At baseline and after 12-week intervention, four trained rheumatologists applied a standardized clinical questionnaire, including details about age, gender, smoking status and other lifestyle habits, body mass index (BMI, in kg/m2), comorbidities and waist circumference (WC, in cm), as well as information regarding disease activity and current medications.

The 2005 International Diabetes Federation (IDF) classification criteria was used to define metabolic syndrome [20]. The skin and joint outcomes were evaluated by using Psoriasis Area and Severity Index (PASI) [21], Minimal Disease Activity (MDA) [22] and the Disease Activity Score (DAS28) [23].

Nutritional intervention

The supervised and individualized dietetic intervention was planned according to nutritional status using the Harris-Benedict equation, considering age, sex, weight, and physical activity level [24] as well as eating and cultural habits, food preferences, allergies, socioeconomic status, feasibility, time for preparing the meals and willingness to change the daily routine [19]. For obese and overweight patients, the recommended calories aimed a 5–10%-weight loss with reduction of 500 calories from the estimated total energy expenditure. Although no caloric restriction has been performed for normal-weight patients, the diet plan was adjusted in terms of quality and proportions of macro- and micronutrients for both groups, according to the Dietary Reference Intakes (DRIs) reference values [25].

Patients who were allocated to the Placebo group were guided to maintain their habitual diet. The patients were also instructed not to modify their levels of physical activity and not to change the medications used for the treatment of their underlying diseases, including synthetic conventional and biologic DMARDs (Disease-Modifying AntiRheumatic Drugs).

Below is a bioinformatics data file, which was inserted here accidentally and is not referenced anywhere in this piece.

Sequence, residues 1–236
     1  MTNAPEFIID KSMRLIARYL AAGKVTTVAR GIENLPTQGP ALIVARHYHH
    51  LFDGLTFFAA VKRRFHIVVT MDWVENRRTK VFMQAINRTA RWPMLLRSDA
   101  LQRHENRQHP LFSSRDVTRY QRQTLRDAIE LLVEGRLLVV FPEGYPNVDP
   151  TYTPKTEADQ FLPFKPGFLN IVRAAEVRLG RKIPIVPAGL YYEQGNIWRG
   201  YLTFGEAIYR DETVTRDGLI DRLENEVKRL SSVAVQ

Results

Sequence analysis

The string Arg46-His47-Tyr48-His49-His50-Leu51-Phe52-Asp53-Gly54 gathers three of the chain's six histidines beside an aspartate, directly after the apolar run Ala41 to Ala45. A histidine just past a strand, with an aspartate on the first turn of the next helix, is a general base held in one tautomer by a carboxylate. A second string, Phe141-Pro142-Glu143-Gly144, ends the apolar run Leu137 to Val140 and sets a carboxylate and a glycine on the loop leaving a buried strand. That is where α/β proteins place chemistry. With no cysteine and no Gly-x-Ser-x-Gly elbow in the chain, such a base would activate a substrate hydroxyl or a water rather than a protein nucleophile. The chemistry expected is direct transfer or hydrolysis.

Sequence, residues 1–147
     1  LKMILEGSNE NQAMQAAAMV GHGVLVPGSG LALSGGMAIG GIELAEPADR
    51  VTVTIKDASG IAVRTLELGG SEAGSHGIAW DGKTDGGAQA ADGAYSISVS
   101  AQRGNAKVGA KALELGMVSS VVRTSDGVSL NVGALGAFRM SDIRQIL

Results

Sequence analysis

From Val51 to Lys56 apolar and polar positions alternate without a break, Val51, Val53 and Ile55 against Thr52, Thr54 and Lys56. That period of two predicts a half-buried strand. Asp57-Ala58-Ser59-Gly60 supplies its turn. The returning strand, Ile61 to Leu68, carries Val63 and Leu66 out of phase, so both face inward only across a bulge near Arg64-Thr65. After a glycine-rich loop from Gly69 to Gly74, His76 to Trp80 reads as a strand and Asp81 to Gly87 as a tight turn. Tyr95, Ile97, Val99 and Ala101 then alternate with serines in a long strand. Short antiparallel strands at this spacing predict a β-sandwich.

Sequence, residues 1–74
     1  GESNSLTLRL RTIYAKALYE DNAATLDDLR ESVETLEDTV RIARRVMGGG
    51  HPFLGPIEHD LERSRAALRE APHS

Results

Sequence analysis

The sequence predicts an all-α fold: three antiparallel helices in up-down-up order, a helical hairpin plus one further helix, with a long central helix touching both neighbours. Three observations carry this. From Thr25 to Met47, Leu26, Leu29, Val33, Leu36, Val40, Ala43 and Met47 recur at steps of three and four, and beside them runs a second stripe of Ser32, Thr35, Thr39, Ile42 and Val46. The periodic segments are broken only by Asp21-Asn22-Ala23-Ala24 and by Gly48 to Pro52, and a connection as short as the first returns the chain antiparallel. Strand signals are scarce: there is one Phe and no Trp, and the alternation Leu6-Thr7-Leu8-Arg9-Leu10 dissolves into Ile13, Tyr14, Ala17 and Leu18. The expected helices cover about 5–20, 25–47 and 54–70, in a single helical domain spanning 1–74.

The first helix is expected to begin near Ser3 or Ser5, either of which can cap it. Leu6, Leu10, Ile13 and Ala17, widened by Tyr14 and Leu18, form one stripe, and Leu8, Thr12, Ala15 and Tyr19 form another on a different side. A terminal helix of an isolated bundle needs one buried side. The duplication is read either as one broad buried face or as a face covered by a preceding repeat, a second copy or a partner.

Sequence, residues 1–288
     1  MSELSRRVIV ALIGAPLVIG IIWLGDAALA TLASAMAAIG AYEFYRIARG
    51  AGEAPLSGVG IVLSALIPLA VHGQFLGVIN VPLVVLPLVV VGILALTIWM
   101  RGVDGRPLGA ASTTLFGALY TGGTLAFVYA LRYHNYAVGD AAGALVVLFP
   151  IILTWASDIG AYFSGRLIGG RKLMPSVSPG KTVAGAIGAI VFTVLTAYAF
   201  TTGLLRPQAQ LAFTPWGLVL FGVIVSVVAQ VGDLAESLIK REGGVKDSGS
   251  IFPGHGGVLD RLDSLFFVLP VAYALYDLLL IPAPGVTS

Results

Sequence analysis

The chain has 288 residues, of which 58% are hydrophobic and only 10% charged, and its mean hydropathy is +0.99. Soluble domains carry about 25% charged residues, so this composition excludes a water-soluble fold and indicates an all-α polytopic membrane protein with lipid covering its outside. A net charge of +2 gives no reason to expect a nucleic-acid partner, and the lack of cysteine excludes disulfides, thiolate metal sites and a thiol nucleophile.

Biochemical analysis

At baseline and after the nutritional intervention, venous blood samples (50 ml) were collected in the morning, after a 12 h fast, and frozen at − 80 °C. Triglycerides, total cholesterol and LDL and HDL-cholesterol plasmatic levels were analyzed using standard method and automated system.

The plasmatic levels of VLDL, remnant particles, IDL, LDL and HDL subfractions were analyzed by commercial automated electrophoresis kit (Lipoprint system; Quantimetrix, Redondo Beach, CA, USA). The LDL was separated into seven subfractions, ranging from LDL1-2 (LDLLARGE) to LDL3-7 (LDLSMALL). From these results, the mean size was defined in nanometers (nm) and phenotypes A and non-A were calculated after applying the cut-off point (268 nm). The sum of VLDL, remnant particles and IDL was named as atherogenic pattern. HDL was separated into 10 subfractions, ranging from large (HDL1-3, HDLLARGE) and intermediate (HDL4-7, HDLINTERMEDIATE) to small (HDL8-10, HDLSMALL). Results of both LDL and HDL were expressed in percentage of subfractions (%) or adjusted by total and HDL-cholesterol levels (mg/dL), respectively.

Statistical analysis

Descriptive statistics (mean and standard deviation for continuous variables; absolute and relative frequencies for categorical variables) was used to characterize the patients and all continuous variables were tested for normal distribution by using the Kolmogorov–Smirnov test.

Repeated-measures analysis of variance (ANOVA) was used to evaluate the clinical variables before and after the intervention, according to intention-to-treat analysis. Kruskal–Wallis’s test, Wilcoxon test, Mann–Whitney test and student t-test were also used as appropriate. For lipoproteins subfractions, the effect-size of intervention was tested by ANOVA and Bonferroni post-hoc test for continuous variables. For categorical variables, the chi-squared test was used. All statistical analyses were performed with the SPSS Statistics software package, version 22.0 (IBM Corporation, Armonk, NY, USA), and the level of significance was set as p below 0.05.